All Victorians are required to work from home, except where this
is not practicable, while sole operators can continue to operate if
they do not have contact with the public, or with people other than
those persons living in their primary household. Thankfully, fire
protection appears still to be a permitted industry under the
Directions of Victoria's Chief Health Officer.
All businesses in Victoria must have a COVIDSafe Plan in
place by Friday, 7 August, 2020. This may be a good resource for
practitioners in other states as well - for help
COVID-19 Plan [PDF 140 KB]
COVID-19 Plan [DOCX 140 KB]
What type of work is still permitted under stage 4
restrictions in Victoria?
Large scale construction
For any building construction project of more than three storeys
(excluding basement), a maximum of 25% of normal employee numbers
is allowed on site. The project must have a High-Risk
COVIDSafe Plan in place and must demonstrate that shifts are
not being blended and workers are only working at one site
throughout the period. The installation of fire safety systems
would be included in this work.
Small scale construction
Any building construction project of three storeys or less
(excluding basement) can have a maximum of five workers (including
supervisors). The project must have a Universal COVIDSafe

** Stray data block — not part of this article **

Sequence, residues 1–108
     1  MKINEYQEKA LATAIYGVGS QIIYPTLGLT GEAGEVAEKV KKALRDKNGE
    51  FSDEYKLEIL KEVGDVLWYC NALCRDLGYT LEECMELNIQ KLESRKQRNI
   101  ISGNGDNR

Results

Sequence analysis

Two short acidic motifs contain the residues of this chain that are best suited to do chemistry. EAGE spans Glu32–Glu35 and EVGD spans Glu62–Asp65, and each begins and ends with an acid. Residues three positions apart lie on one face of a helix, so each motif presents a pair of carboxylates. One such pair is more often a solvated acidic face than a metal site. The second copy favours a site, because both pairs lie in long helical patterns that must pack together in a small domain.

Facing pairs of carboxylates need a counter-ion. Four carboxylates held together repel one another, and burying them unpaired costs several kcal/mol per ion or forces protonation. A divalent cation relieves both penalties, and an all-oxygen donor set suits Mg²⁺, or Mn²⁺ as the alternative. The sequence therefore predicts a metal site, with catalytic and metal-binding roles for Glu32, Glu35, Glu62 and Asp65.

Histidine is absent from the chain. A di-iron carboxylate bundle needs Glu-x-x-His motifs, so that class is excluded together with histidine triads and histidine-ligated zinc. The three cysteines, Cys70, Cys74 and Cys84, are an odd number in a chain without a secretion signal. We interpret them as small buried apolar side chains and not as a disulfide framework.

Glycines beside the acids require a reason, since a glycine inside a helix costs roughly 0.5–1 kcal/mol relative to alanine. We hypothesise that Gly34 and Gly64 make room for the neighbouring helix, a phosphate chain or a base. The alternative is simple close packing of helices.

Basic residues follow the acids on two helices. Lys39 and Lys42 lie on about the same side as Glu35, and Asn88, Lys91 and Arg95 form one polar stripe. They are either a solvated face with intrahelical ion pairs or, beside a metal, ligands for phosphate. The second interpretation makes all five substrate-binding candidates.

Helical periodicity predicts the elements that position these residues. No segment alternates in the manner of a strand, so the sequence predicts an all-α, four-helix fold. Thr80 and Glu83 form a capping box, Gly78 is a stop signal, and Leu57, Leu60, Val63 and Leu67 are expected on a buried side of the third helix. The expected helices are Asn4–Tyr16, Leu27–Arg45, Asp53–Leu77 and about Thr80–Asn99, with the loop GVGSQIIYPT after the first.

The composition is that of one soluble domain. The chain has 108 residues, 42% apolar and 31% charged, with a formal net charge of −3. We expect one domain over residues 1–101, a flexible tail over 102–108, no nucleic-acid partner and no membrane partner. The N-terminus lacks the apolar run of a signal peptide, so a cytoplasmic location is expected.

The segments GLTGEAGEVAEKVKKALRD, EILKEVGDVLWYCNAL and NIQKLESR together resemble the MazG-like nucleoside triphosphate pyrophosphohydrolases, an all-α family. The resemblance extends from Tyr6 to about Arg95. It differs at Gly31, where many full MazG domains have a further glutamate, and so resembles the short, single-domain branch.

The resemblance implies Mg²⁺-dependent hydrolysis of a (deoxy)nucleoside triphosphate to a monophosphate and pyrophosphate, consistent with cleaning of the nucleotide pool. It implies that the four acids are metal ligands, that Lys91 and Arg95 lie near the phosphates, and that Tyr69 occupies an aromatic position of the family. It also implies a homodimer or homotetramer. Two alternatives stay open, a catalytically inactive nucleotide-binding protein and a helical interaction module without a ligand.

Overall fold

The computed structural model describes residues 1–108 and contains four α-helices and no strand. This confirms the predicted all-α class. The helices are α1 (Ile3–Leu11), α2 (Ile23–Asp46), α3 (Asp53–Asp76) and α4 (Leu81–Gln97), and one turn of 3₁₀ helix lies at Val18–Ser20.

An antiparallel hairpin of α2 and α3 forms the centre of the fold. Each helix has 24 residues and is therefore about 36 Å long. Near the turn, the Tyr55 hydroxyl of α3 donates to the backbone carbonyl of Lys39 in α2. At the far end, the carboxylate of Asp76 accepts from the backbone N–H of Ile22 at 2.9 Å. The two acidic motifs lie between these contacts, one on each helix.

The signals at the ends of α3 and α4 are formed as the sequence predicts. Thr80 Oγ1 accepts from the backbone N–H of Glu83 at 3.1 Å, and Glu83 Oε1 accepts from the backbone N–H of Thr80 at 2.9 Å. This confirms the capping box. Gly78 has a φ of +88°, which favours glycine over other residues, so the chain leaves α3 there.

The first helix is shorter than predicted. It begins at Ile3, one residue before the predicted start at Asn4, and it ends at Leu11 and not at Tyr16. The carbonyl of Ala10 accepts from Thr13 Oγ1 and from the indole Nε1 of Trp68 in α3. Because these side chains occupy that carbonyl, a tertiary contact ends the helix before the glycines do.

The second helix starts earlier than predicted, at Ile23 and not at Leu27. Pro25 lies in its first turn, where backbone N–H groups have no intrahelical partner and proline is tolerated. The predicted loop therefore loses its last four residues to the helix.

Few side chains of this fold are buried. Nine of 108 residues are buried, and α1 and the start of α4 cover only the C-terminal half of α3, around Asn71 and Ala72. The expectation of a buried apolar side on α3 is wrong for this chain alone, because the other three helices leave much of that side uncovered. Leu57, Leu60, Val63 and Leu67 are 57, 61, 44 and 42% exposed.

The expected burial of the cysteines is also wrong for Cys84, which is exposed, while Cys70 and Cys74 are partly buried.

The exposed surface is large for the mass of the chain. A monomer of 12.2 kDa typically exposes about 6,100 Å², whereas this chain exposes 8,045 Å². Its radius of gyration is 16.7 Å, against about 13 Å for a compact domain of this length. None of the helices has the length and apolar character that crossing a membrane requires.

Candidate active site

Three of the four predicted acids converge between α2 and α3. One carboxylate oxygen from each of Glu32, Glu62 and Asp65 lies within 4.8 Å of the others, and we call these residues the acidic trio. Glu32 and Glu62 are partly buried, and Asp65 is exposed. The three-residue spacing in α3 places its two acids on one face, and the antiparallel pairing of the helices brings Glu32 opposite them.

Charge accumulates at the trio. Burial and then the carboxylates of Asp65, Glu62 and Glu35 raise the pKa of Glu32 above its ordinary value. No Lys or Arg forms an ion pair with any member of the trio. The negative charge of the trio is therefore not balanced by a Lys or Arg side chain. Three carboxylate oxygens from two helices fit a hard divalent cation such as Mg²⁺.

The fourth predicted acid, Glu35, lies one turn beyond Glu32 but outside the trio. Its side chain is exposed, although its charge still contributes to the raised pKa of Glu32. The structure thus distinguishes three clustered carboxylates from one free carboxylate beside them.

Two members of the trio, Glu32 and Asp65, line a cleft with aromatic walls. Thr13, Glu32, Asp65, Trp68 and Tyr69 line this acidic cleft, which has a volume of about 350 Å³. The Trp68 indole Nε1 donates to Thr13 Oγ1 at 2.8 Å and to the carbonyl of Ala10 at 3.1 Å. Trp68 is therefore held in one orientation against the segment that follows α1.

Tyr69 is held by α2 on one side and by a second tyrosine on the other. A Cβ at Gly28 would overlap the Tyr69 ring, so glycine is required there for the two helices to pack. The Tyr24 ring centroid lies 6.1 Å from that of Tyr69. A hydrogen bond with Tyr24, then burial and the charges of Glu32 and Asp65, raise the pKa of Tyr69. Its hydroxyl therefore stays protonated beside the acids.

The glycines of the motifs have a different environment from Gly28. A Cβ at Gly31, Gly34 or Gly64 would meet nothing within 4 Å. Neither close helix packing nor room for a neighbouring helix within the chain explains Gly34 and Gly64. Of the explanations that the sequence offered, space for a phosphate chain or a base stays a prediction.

Plan in place and must demonstrate that shifts are not being
blended and workers are only working at one site throughout the
period. The installation of fire safety systems would be included
in this work.
State and state civil construction
Government projects (including time critical new school builds)
are exempt from reduction targets but will be required to implement
a High-Risk COVIDSafe Plan.
Ancillary and support businesses are able to open on-site to
ensure the necessary production, supply, manufacture, repair,
maintenance, cleaning, security, wholesale, distribution,
transportation or sale of equipment, goods or services required for
the operations of a Permitted Work Premises, or for Closed Work
Premises where there are safety or environmental obligations. The
business cannot operate on-site for any other purpose.
In addition, residential and commercial services that were
booked before 5pm 3 August and are scheduled to be carried out
before 5pm 17 August, that are essential to well-being or
livelihood, will be permitted.
Other important information
Construction of critical and essential infrastructure and